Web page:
Illegal Migrants African Savages Storm Spanish Tourist Beaches and Scatter
>Pressure on Spain’s maritime border is increasing, with videos showing boatloads of illegal migrants crashing into busy tourist beaches circulating online as the country overtakes Italy and Greece as the EU’s major weak point.Footage shared by Diario de Cádiz on Twitter shows an entire boatload of migrants landing in the middle of the packed tourist beach of Zahora on Saturday, July 28th, and disgorging onto the sand, before scattering into the interior unregistered and unvetted.Where are the babies & the women?
Migrant sea crossings to Europe in 2018 have broken 55,000, with Spain outstripping Italy and Greece as the number one point of arrival for the first time following the installation of a Socialist government in Madrid.
Numbers overall are down from 2017, 2016, and 2015, when German chancellor Angela Merkel’s open door invitation to ‘refugees’ from Syria saw hordes of illegal migrants from a host of different countries surge across Europe’s poorly guarded maritime and internal borders.
The measures which have been deployed to bring the external border under control — namely deals with the Islamist government in Turkey and Libya’s precariously positioned authorities to stop more boats from departing — do not offer long-term solutions to the migrant crisis, with the EU’s security depending largely upon the goodwill of erratic and unstable third countries.
There are significant signs of strain on the Western Mediterranean Route through Greece and, less often, Bulgaria — where the border is patrolled aggressively by both the state and civilian militias — as migrants exploit the Greco-Turkish land border marked by the Evros river.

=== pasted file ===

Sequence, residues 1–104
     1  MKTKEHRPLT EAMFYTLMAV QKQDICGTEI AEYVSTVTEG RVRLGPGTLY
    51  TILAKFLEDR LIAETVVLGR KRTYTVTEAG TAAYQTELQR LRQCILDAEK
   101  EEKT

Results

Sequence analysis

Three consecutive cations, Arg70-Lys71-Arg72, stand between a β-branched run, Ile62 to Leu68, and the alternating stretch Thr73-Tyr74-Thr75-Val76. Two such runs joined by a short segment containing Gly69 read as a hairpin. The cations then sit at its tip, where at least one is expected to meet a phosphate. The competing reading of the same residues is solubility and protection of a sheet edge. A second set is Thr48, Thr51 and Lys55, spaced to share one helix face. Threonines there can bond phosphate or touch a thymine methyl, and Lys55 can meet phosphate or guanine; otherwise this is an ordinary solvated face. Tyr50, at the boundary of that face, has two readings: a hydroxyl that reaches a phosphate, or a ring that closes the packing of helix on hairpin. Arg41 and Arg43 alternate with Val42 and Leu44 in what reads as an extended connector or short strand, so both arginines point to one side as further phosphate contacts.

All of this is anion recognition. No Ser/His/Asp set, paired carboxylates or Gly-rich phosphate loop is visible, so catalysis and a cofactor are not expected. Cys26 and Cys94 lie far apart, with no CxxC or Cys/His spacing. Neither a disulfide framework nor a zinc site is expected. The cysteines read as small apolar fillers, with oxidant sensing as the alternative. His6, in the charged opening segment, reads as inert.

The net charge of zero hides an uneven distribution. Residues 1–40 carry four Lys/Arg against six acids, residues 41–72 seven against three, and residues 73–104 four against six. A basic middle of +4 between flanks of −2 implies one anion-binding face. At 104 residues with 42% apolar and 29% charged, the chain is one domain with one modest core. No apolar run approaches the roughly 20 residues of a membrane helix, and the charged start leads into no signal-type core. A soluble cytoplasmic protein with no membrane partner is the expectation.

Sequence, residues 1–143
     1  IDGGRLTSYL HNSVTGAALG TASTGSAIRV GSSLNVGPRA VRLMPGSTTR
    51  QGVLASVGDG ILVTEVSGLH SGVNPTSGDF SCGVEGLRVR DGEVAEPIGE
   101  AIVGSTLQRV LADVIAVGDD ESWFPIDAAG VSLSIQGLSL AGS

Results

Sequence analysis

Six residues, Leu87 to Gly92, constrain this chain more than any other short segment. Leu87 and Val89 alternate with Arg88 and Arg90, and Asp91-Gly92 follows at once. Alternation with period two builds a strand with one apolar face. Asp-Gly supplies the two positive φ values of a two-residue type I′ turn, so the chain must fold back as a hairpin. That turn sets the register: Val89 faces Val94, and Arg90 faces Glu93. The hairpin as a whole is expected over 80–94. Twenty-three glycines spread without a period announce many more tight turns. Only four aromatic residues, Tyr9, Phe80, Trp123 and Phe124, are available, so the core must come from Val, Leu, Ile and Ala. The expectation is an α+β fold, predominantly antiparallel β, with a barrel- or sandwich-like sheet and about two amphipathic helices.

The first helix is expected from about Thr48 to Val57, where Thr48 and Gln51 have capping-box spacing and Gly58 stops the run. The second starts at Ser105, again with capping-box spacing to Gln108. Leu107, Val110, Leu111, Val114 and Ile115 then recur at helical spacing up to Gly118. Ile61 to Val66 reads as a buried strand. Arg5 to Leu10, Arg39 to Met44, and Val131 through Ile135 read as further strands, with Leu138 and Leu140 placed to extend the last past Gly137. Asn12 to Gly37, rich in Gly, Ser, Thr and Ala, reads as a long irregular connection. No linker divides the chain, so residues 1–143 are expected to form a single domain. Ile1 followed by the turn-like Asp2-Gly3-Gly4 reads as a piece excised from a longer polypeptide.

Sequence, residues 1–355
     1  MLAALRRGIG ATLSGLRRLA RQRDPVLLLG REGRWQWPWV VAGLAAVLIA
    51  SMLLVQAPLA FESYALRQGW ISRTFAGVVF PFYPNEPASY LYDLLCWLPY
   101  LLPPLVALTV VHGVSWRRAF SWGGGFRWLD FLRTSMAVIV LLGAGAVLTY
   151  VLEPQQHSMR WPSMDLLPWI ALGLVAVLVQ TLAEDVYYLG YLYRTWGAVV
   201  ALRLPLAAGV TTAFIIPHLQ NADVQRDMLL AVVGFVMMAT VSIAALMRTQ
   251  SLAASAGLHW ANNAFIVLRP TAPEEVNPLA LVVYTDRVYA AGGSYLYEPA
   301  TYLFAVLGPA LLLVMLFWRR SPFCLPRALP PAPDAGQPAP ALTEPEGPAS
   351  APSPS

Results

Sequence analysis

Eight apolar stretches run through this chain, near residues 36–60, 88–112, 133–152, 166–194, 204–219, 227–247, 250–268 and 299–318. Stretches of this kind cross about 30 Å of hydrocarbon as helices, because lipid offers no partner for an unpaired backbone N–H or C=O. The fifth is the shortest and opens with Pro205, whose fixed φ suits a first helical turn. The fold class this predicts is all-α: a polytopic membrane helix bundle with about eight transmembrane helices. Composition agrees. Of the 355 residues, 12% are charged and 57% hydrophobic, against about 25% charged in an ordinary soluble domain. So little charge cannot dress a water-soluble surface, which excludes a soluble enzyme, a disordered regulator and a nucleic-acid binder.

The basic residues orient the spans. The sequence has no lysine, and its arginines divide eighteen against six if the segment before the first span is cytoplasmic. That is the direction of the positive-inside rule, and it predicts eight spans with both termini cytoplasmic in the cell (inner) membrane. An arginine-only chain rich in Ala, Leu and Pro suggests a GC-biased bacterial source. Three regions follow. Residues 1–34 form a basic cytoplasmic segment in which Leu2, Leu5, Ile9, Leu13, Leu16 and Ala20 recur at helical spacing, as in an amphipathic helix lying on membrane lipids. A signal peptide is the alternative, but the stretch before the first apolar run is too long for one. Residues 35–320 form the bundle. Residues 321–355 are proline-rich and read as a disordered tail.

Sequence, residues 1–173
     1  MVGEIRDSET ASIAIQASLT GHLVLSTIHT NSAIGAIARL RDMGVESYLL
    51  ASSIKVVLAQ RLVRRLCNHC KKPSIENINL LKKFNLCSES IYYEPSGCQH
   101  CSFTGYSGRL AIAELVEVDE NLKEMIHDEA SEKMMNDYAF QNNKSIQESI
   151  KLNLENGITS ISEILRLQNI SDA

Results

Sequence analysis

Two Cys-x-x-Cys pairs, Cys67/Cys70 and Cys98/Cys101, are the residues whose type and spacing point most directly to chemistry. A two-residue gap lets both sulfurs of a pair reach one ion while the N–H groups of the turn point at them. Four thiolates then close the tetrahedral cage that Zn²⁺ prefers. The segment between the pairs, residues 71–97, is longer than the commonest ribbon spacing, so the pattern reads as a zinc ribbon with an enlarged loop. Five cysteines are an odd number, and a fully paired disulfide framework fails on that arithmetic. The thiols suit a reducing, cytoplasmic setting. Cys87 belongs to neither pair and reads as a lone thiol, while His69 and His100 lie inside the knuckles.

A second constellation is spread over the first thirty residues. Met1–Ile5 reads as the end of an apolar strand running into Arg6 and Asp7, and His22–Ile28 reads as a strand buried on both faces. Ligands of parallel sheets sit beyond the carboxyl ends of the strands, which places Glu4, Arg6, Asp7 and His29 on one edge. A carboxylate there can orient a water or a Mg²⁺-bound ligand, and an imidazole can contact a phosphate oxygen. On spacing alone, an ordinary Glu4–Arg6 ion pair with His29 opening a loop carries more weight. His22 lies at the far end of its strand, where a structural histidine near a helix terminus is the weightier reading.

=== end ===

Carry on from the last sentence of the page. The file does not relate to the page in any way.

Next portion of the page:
This border was not included in the multi-billion euro EU-Turkey deal, and migrants who cross it are not included in the UN Migration Agency/International Organization for Migration totals above as, while people-smugglers do generally bring migrants across the Evros by boat, they are not technically sea crossings.
It should be noted that the official figures only include illegal migrants the authorities are able to log, and that EU border states such as Greece and Italy have been accused of failing to register many of the people crossing their frontiers.
The bloc’s so-called Dublin regulations only allow EU members to deport illegal migrants coming from elsewhere in the EU to the very first member-state they arrived in, disincentivising border states registering them in the first place.
Indeed, the Dutch government has suggested that some two-thirds of illegal migrants who reach them have not previously been registered — suggesting the true migration figures could be far higher than the IoM numbers suggest.